Incidentally, the relative movement between the sub-frame and main frame could easily be seen whilst the chassis was being lifted.

The chassis is supported on semi elliptic springs fore and aft, those at the rear being underslung and having a normal deflection at the centre of 4 ins. under load. Dunlop pneumatic tyres fitted to disc wheels are employed, those at the rear being twinned.

We have already mentioned the thoroughness of the lubricating system, and may add that oil is used throughout, there being not a single greaser on the chassis. Any part which cannot be lubricated automatically is provided with a nipple suitable for the latest Tecalemit gun (previously known as the Allyne-Zerk), which -will inject thick oil under pressure when simply pressed against the nipple. Even in this respect maintenance has been reduced to the minimum ; for example, the steering connections are fed by wicks from oil pumped into the hollow steering links, so that replenishment is only required after lengthy periods of running.

We were able to examine one of the short-wheelbase chassis with a 26-seater pay-as-you-enter bus body built to the order of the Burnley Corporadon. Thanks to the low frame level, entry and exit are easy matters, the former involving but one step up from the kerb and then another into the body, neither of them being deep. The seating plan is excellently arranged, there being three transverse seats at each side of a central gangway leading from the forward entrance ; then a pair of longitudinal seats, each taking three passengers and fitted over the wheel arches, followed by another short gangway with two transverse seats at each side. .In the centre of the space between the longitudinal seats a trapdoor is arranged through which the back axle can readily be reached, and although these seats are on top of the wheel arches they are by no means too high from the floor for comfort. " Two of the windows at each side are halved, so that one part can be folded down, and there are the usual ventilators in addition. The driver's cab is enclosed, and is provided with a neat sliding window for signalling purposes on tile off side.

We have previnusly described the arrangement of the doors, but this• is of sufficient interest to justify brief recapitulation. The one next to the driver is controlled by a handle operating on the toggle principle, so that, when the door is shut, the control gear goes past" dead centre," as it were, and the door cannot be forced open from outside. A light is fitted to the roof above the door which, when the other lights are switched on, illuminates the entrance when the door is opened, but goes out when the door is shut to avoid dazzling the driver With reflections from the glass windows. • At the rear end of the body there is a very neat emergency door, intended primarily for exit in case of lire, which is controlled by handles workable from inside or outside the body and also by a handle placed next to the driver's seat. When the driver operates the last-named control the door at the rear immediately opens outwards and, at the same time, the folding step drops into position.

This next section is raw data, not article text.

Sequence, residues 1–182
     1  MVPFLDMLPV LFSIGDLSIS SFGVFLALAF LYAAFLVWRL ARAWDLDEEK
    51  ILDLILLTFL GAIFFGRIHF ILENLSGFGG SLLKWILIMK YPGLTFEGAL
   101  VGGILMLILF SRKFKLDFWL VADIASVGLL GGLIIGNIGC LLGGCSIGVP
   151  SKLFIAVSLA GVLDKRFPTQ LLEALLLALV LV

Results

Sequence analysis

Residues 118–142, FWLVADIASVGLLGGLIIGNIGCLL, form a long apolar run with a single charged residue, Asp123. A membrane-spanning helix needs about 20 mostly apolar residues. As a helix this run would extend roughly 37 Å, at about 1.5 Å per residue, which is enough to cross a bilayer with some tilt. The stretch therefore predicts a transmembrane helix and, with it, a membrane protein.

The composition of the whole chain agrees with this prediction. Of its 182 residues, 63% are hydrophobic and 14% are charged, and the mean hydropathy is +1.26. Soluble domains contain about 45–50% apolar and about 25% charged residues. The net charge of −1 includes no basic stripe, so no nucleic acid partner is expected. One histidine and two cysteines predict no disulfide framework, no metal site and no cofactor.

We were afforded a road run of some 30 miles on this new single-decker, which showed conclusively that the power is ample for the purpose. The route chosen was the road from Wolverhampton to Bridgenorth and back, and this is of a very winding character, and also abounds in steepish gradients, so serving as a good test for controllability in general. We found the riding comfort 'to be excellent, and the run proved that the vehicle is particularly easy to handle in narrow country roads of this kind.

The maximum speed on the level is in the neighbourhood of 38 m.p.h., and the engine will "take quite respectable gradients in its stride without requiring a change of gear. On the return journey the steep hill leading from Bridgenorth was climbed nearly all the way in third gear at a speed of about 15 m.p.h., except for the 1-in-6 portion near to the top, which necessitated a drop to second gear. The load carried was about half the maximum. The brakes proved very effective on hills and also in the case of one or two emergency stops.

Owing to the necessity for catching a particular train at Wolverhampton, the return , journey was made as quickly as possible, and, despite the character of the road, 14 miles were covered in half an hour without taking risks.

This 26-seater pay-as-youenter bus has a wheelbase of 15 ft. 3 ins. and 55 ft. turning circle. Another model which we inspected consisted of a 30-seater with double entrances for the Wolverhampton Corporation, the wheelbase in this case being 16 ft. 7 ins. The ground clearance is 84 ins.

In the course of the day Mr. Sydney Guy gave us his views upon the design of chassis for bus• work, which are of considerable general interest. His main point was that, to secure economy in run• ning, a bus chassis must be specially designed for the purpose, and the tare weight should be at a minimum consistent with robust construction. He is also a believer in pneumatic tyres, and told us that the solid-tyred passenger vehicles supplied by Guy Motors this year amounted to a very small percentage of the whole. By cutting down the weight, economy in running is, of course, secured and the roads suffer less damage.